Looking into the heart of a stellar explosion
Max Planck researchers observe gamma-ray lines from a type Ia supernova
The extraordinary brightness and regularity of their light curves in the visible spectral range make type Ia supernovae valuable standardizable light sources, commonly used in modern cosmology. However, it has not yet been possible to directly measure these stellar explosions in their primary gamma radiation. Studies so far have been limited mainly to the outer layers of the supernova. With supernova SN2014J occurring early this year in the M82 starburst galaxy, researchers from the Max Planck Institutes for Astrophysics and for Extraterrestrial Physics in Garching succeeded for the first time in detecting gamma-ray lines. One of these studies even challenges the conventional theories for these types of explosions.
A type Ia supernova (SNIa) is commonly believed to be the thermonuclear explosion of a white dwarf star. These objects are the remnants of a normal star like our Sun in whose interior the fuel for nuclear fusion has been exhausted. A white dwarf ending as a supernova consists mainly of carbon and oxygen – the ashes left over from burning hydrogen and helium. If it is part of a binary system, it can be fed with matter from its companion. This eventually may lead to its catastrophic explosion, thus flaring up as a supernova.
In the course of this supernova, carbon and oxygen continue to fuse and produce huge quantities of a radioactive isotope of nickel (56Ni). The subsequent decay chain from nickel to cobalt and finally to iron generates large quantities of energy in the form of gamma-rays. These are reprocessed in the expanding material that is ejected by the explosion – i.e. converted into the visible radiation which makes the supernova shine for months. These supernovae are invaluable tools of modern cosmology as distance indicators.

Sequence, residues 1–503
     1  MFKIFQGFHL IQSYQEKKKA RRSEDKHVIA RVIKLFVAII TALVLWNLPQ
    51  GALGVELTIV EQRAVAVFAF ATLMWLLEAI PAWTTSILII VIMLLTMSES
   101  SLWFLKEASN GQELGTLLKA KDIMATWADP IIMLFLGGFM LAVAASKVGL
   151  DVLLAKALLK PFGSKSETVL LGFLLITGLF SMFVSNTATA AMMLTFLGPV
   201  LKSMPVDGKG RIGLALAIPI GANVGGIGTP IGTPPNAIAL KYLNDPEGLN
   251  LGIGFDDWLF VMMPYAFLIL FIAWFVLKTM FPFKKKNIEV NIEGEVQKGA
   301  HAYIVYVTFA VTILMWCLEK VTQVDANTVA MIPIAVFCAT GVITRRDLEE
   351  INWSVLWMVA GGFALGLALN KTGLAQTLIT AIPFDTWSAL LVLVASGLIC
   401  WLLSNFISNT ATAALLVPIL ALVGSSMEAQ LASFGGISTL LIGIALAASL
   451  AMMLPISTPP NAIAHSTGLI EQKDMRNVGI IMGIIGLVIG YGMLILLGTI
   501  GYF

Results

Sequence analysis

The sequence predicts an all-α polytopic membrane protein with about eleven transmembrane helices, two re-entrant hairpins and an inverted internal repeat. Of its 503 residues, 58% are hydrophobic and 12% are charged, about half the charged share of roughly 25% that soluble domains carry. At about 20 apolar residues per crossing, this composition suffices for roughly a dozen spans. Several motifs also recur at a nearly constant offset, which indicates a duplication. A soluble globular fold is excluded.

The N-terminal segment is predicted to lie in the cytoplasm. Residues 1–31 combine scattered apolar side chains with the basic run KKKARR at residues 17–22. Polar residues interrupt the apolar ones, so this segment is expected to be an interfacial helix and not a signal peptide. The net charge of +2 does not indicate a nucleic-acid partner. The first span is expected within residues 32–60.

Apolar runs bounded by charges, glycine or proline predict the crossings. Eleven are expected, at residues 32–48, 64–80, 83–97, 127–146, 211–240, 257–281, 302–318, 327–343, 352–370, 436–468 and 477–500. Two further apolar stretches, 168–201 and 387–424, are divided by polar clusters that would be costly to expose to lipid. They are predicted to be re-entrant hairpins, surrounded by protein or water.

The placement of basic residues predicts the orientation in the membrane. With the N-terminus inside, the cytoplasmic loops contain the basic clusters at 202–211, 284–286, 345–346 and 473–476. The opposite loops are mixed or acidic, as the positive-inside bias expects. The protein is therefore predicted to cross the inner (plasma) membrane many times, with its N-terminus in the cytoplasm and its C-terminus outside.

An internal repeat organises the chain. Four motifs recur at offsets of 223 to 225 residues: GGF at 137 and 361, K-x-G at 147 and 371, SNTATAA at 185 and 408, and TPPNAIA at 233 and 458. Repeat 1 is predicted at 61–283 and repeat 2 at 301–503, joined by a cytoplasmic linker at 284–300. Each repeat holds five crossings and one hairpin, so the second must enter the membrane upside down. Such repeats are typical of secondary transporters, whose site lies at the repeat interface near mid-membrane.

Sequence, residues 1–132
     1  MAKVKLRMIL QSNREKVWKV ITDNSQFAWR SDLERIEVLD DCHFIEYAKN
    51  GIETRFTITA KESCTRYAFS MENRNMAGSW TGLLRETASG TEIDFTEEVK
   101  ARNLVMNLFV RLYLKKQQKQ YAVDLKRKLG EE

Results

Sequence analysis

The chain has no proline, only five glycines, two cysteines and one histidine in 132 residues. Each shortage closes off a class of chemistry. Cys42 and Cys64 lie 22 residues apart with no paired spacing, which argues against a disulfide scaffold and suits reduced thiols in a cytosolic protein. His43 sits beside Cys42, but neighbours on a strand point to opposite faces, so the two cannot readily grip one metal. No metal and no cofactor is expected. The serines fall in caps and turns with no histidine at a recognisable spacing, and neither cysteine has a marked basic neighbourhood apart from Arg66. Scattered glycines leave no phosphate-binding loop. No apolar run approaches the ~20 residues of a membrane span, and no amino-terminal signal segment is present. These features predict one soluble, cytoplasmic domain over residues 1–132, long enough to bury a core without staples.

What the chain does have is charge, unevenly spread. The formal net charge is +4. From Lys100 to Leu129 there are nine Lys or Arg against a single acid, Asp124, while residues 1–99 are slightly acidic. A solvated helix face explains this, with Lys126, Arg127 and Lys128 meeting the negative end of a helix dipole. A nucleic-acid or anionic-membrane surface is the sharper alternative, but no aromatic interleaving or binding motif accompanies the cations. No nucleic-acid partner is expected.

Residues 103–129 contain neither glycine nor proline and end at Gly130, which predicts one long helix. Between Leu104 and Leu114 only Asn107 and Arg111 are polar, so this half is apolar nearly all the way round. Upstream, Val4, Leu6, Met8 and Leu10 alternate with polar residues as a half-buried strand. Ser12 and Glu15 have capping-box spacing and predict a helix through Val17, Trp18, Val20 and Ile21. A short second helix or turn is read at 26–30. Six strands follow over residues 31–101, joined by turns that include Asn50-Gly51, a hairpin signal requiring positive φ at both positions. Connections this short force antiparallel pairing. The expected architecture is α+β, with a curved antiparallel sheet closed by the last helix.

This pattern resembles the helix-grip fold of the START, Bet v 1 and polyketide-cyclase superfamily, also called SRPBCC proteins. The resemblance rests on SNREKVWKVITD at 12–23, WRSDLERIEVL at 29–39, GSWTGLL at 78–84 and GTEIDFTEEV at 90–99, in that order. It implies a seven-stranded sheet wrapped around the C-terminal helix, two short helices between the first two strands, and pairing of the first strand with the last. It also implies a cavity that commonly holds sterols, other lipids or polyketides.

Despite many observations and simulations, the detailed physics of a type Ia supernova is still disputed. Most models predict, among other things, that the material ejected is not transparent to gamma rays during at least the initial 10 to 20 days after the explosion. Later, more and more gamma-rays can escape, as the expanding supernova becomes increasingly transparent.
On 15 January 2014, a SNIa exploded in the M82 spiral galaxy, and was discovered only a few days later by S. J. Fossey and a team of students at University College, London. At a distance of slightly more than ten million light years, it was the nearest SNIa since at least four decades.
It therefore offered a good opportunity for observations, including those with the INTEGRAL gamma-ray observatory of the European Space Agency ESA. Only two weeks after SN2014J flared up, researchers of Roland Diehl’s Group at the Garching-based Max Planck Institute for Extraterrestrial Physics discovered, with INTEGRAL, two characteristic gamma-ray lines which correspond to the radioactive decay of nickel (56Ni). The radioactive material must therefore have been near the surface of the explosion, otherwise the signal would not have been able to penetrate the supernova, and it would not have been possible to see it at such an early point in time.